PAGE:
Item Code: IDH223
by Daya KrishnaPaperback (Edition: 1993)
Indian Institute of Advance Study, Shimla
Size: 8.2" X 5.3"
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This book was first published in 1969 on the basis of lectures delivered by Professor Daya Krishna at the Indian institute of Advanced Study in 1968. The first edition was exhausted slowly but steadily. It is not surprising, therefore, that this book is still in demand. This reprint is meant to meet that demand.
These lectures continue the theme of my earlier book Considerations Towards a Theory of Social Change, though they form a self-contained whole and possess a unity of their own independent of the earlier work. They seek to focus attention on an aspect of thought about man and society which most scientists and philosophers happen to miss; that is, the effect of their thought in shaping the human and social reality itself. Man's thought about himself and society is not causally ineffective. But if this be accepted, its implication have to be understood by all those who concern themselves with society and man in any capacity whatsoever. The present lectures attempt to spell out these implications for the attention of he social scientists and philosophers for consideration and discussion.
The past civilizations, in this context, are treated as the result of the ways in which men conceived of themselves and society and the two of the most significant among them, the Indian and the Western, are singled out and discussed as paradigmatic cases illustrating the basic contentions of these lectures. An attempt is made to provide a focal concept around which the thinking in the social sciences may be organized and which may bridge the gap, and provide the continuity between the great typal civilizations of the past and open the way for their fecundating relationship with the present and the future.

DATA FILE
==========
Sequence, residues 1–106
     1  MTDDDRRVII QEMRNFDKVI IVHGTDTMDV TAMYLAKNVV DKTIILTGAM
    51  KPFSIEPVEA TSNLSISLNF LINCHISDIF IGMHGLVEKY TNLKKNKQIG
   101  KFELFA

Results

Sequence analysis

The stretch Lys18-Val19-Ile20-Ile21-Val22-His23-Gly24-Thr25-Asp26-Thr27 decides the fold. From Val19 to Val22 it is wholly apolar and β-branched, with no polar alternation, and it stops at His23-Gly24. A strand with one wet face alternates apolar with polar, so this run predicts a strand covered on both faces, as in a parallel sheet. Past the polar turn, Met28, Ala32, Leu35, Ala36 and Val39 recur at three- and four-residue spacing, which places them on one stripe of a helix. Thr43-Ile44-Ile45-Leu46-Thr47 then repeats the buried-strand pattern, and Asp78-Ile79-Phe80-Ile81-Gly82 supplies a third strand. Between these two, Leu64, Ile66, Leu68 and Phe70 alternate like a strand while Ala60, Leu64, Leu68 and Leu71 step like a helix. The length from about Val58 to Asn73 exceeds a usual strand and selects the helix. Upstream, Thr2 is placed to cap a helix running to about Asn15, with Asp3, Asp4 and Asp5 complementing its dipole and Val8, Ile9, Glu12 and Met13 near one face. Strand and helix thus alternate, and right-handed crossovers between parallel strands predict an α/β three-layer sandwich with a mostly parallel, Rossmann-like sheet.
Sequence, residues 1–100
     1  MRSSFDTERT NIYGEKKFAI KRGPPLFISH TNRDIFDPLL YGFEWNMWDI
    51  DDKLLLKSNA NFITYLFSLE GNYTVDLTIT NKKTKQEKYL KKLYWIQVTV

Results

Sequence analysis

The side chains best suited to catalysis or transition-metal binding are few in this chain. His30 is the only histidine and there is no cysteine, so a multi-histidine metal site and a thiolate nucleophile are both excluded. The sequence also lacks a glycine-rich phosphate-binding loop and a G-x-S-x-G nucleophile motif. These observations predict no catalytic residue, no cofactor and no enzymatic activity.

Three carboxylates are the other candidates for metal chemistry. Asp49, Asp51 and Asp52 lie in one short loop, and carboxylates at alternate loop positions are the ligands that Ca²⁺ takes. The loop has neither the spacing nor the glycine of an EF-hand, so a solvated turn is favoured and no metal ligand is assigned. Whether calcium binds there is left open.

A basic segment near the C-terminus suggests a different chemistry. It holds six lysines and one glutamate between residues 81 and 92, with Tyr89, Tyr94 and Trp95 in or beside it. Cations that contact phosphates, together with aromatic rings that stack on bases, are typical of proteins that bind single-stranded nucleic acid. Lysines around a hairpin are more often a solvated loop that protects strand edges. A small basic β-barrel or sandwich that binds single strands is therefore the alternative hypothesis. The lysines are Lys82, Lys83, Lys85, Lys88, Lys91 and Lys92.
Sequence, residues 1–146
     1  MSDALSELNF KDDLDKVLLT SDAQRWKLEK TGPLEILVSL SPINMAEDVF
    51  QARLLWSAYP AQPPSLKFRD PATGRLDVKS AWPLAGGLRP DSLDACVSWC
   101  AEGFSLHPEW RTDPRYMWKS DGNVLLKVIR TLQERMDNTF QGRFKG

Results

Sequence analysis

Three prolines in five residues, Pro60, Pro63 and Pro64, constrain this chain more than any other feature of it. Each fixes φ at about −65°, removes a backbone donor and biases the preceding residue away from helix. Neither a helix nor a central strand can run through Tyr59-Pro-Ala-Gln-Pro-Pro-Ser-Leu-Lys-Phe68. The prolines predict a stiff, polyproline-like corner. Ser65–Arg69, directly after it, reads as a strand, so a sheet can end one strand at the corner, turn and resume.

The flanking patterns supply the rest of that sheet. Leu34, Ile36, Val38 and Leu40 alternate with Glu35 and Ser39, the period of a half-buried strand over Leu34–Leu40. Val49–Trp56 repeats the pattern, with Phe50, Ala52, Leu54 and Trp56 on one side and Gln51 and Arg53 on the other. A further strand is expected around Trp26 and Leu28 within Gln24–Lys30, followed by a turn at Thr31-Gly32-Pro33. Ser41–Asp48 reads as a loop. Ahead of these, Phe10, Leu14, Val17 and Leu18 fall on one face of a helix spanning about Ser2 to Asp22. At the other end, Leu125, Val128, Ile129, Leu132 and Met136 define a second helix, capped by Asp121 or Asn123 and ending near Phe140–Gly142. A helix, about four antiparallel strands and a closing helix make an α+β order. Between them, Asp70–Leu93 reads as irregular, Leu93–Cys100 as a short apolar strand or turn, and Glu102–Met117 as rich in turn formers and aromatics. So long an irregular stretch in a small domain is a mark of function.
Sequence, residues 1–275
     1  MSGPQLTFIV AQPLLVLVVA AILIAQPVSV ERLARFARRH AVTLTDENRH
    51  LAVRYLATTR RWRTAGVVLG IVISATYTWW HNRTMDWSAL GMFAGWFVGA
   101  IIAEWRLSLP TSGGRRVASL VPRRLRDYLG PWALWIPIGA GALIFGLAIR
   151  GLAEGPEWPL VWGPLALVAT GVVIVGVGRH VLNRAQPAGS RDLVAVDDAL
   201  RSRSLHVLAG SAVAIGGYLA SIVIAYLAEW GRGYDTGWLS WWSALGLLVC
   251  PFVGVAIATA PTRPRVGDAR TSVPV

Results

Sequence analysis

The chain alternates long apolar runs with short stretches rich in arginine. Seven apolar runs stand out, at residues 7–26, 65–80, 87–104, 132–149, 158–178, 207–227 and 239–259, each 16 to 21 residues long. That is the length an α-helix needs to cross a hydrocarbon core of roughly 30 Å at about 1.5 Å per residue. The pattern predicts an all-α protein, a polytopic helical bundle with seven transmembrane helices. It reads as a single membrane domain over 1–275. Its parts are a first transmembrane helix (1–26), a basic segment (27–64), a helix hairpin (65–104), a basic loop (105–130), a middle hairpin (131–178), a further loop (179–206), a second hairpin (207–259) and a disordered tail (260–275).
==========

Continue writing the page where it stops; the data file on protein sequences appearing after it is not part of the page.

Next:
Freedom, it is suggested, is such a concept and if it be given an operational definition and subjected to quantitative criteria of measurement, it might provide an effective guide to the policy sciences, which seem so much in demand today by the planner and the politician. The link between the mathematical concept of model and utopia is explained and it is suggested that the building of scientifically articulated utopias should be the task of the social scientist of the future.
These lectures were delivered at the invitation of the Indian Institute of Advanced Study, Simla, and I am thankful to the authorities for providing me with the opportunity to crystallize my thought on the subject.
The indirect presence of my friends and colleagues at the University of Rajasthan would be evident to an attentive reader of these pages. To one of them, the late Prof. M. M. Bhalla, this book is dedicated. His sudden death has deprived us all of a mind so versatile and sensitive that it is difficult to think of another like him. I still remember vividly the time when he made the point referred to on page 47 standing on the gate of the garden one morning. Who could have thought, then, that soon there will be no more mornings or evenings or late nights with their subtle intellectual delight over cups of coffee and an element of charm, sparkle and grace which is so rarely found these days in company, private or public?
|The Concept of Society||1|
|The Two Predicaments||12|
|Reflection on Action||24|
|Perspectives of Freedom||37|
|The Search for a Measuring Rod||50|
|Society: Reality or Utopia||68|